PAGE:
I think recent and past events have shed more light on the intricacies of the collective bargaining agreement and how this in turn affects policing in our communities. As we learn about the legal framework in which CBAs are permissible under Texas Law and how our residents in 1974 voted to support this through a petition, I think it’s timely for us to discuss the aims of this sort of negotiation. I want to learn more about how restorative justice and more specialized training can shift our understanding and expectations about public safety. The perspectives of our community members, especially the most disenfranchised, and our officers along with community partners will be critical as we begin these conversations.



I will no longer be in office when the Police Collective Bargaining Agreement is up for renewal in September of 2021 - this is my last term in office so that will fall on the shoulders of my successor.

I’m encouraged by the intensity of the public conversation concerning policing. In my seven years in office public safety has always been the top concern among residents and voters. That is changing. In the past few weeks the conversation has shifted concerns, and things like demilitarizing the police force and finding different ways to address safety issues have risen to the top. I don’t think more police training is enough, there needs to be deep police engagement policy shifts - the way police interact with the community, the way they perceive people of color - and the changing public sentiment will go a long way towards re-focusing political will. Deep changes to the bargaining agreement will be easier to come by, but it will still be a difficult lift.



We need to take a hard look at the collective bargaining agreement to ensure the officers that continue to have serious disciplinary issues related to brutality and use of force are not protected by the CBA. I believe in implementing a three-person disciplinary review committee that includes the Chief, a representative from SAPOA, as well as an outside unbiased individual. There should also be a national database that tracks police officer conduct that is assessable to the police departments and the public, so bad officers cannot move to another city to seek employment without their record following them due to sealed documents.



Of course. Right now, the 180-day discipline limit included in the contract protects even an officer who served a sandwich of excrement to a citizen.

Whether the wrongdoing took place yesterday or last year, it is nonetheless a wrongdoing that degrades the reputation of the force, the union and the community. The collective bargaining agreement does not distinguish among types of errors – failing to file paperwork or excessive use of force. As written, the agreement inherently condones all wrongdoing – regardless of severity – committed outside the 180-day limit. That must change.



The current collective bargaining agreement with SAPOA impedes SAPD’s ability to keep bad actors off of the force, particularly through the binding arbitration clause. What tends to happen is that officers who are rightfully suspended go to arbitration and overwhelmingly get returned to the force. The best that SAPD can do to keep them off of the streets when they get reinstated is to assign them to an administrative desk job. I believe we need to revisit this issue in the next police contract, but also perhaps expand arbitration to three member panels, as is the case with firefighters. The current process with one arbitrator has created a trust crisis.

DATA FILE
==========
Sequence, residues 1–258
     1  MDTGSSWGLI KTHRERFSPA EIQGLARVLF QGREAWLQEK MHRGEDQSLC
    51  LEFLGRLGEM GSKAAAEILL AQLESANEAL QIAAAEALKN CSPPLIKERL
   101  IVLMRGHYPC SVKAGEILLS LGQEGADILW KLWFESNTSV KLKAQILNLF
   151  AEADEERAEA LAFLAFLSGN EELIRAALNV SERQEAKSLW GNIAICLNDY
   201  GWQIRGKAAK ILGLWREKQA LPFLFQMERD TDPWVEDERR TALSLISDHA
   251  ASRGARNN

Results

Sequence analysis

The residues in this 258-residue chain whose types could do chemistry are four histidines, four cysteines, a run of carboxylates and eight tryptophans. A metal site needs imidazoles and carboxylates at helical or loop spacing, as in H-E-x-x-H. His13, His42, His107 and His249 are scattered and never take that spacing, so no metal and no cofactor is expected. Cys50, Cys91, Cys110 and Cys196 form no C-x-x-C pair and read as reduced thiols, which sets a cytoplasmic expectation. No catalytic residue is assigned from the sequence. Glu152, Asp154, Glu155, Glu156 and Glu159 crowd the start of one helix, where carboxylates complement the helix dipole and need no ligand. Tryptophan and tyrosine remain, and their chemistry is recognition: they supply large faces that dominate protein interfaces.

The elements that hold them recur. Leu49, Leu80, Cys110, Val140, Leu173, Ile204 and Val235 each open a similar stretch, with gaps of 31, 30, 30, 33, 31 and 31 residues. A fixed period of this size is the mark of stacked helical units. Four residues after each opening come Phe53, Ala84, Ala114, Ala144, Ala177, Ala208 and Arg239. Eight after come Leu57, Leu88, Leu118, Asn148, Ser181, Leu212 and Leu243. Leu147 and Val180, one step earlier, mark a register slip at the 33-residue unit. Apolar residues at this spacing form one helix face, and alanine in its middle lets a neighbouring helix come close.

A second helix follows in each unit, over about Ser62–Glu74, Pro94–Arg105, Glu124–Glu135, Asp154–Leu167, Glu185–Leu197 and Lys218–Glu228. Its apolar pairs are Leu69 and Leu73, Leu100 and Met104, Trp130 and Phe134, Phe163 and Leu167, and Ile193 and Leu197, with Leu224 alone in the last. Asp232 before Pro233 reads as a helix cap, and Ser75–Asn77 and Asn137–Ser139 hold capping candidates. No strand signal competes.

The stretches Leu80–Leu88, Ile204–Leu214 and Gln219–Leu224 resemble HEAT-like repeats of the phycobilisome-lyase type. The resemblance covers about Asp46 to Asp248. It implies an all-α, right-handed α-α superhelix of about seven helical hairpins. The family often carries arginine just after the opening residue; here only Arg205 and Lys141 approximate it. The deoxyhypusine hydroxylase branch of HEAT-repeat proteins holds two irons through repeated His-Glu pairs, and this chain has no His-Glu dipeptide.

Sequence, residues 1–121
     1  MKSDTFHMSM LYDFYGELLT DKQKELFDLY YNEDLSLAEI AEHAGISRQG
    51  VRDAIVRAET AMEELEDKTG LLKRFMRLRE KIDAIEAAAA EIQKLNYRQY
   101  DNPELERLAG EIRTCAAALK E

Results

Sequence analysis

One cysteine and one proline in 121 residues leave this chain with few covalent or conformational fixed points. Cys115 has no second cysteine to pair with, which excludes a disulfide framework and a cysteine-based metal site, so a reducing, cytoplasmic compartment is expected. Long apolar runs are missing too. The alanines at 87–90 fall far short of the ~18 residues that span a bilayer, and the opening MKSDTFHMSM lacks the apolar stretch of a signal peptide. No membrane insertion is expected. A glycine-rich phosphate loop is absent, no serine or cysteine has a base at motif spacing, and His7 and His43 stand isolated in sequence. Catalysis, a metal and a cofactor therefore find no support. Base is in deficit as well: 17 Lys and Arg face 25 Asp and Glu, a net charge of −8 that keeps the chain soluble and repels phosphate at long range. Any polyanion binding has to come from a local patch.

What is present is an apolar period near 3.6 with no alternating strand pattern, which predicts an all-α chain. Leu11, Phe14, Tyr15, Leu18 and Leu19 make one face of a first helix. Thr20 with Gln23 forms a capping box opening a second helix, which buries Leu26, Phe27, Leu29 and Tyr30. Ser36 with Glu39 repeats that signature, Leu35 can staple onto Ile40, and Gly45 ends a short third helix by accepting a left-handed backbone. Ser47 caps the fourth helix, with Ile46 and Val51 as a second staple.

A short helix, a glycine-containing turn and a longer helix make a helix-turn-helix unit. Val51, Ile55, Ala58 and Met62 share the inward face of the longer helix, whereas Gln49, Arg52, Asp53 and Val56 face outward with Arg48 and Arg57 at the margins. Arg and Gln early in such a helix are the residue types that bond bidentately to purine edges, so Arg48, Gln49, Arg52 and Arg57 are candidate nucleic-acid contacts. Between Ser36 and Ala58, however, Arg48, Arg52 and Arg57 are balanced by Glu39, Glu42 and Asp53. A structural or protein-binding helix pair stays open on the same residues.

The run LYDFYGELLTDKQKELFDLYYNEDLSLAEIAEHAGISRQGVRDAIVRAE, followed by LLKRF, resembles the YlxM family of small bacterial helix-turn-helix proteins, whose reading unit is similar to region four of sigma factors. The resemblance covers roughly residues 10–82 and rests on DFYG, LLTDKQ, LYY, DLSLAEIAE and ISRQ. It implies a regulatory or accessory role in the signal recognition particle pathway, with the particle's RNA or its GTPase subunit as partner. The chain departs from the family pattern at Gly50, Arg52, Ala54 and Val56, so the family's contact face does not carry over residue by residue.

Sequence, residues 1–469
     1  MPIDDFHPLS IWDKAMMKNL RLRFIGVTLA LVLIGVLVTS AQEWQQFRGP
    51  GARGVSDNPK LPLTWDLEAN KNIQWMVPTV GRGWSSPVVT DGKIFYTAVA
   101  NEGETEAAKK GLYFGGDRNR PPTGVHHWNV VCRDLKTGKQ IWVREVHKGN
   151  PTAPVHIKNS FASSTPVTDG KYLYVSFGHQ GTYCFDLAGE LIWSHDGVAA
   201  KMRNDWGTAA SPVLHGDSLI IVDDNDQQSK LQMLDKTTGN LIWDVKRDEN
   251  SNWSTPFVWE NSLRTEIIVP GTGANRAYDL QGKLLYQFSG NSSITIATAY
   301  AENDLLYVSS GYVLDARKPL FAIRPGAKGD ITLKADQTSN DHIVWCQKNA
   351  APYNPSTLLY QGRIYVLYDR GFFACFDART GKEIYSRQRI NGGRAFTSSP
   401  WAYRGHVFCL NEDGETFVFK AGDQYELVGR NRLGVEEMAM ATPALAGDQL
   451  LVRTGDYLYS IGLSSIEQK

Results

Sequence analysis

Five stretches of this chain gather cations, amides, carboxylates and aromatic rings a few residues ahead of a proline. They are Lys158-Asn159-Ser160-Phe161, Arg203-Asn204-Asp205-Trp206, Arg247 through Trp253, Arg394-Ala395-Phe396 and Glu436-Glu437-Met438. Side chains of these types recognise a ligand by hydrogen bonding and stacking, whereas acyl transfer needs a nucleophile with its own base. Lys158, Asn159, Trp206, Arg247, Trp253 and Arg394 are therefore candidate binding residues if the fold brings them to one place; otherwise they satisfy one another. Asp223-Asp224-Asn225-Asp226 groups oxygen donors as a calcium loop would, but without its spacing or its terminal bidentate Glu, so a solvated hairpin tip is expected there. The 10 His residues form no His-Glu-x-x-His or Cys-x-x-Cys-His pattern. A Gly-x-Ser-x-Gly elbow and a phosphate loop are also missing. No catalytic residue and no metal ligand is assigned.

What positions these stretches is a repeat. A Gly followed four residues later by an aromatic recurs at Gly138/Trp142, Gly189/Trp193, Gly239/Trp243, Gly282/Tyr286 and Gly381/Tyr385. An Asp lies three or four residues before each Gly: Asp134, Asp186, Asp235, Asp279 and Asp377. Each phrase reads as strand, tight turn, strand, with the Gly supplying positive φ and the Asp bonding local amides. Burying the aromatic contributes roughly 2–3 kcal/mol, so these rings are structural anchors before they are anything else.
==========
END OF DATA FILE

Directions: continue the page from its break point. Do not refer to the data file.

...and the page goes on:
There are bad actors every where, in every organization, every business, and every profession. It is the responsibility of the community, organization leadership or association to call them out and weed them out. I believe the vast majority of our Police officers are good decent men and women doing a very challenging job, but a vital one.

I believe that some of the discipline provisions of the current collective bargaining agreement with the SAPOA allows too many bad actors to slip through the cracks and return to policing when the PD and community would be better off without them.

A persons past actions should always be relevant to their conduct. History is Prologue. If we don’t learn from history we are bound to see it repeated.

I will be advocating for significant changes in the next collective bargaining agreement that will more fully empower the Chief of Police and the city staff to permanently remove any bad actors that undermine the integrity of our Police Department and endanger the safety of our citizens.



I acknowledge the need for these serious conversations to be had regarding police reform, however I believe that we should not enter into these discussions without accurate data on the topic or in concert with the union We need time to fully vet these issues, and see them through our local lens.

Chief McManus has instituted many programs and changes that are working very well in San Antonio. SAPD has mandatory yearly training and in-service hours far above and beyond the minimum requirements of the Texas Commission on Law Enforcement.

We can address the concerns of the community through open dialogue and conversation. I have been advocating for City Management to open discussions with SAPOA for several months and they now have. I believe that everything is up for negotiation with the contract, and I look forward to assisting in those conversations where I can.

McManus says collective bargaining agreements along with state laws are protecting ‘bad officers’

About the Authors:

Kolten Parker is digital executive producer at KSAT. He is an amateur triathlete, enjoys playing and watching soccer, traveling and hanging out with his wife.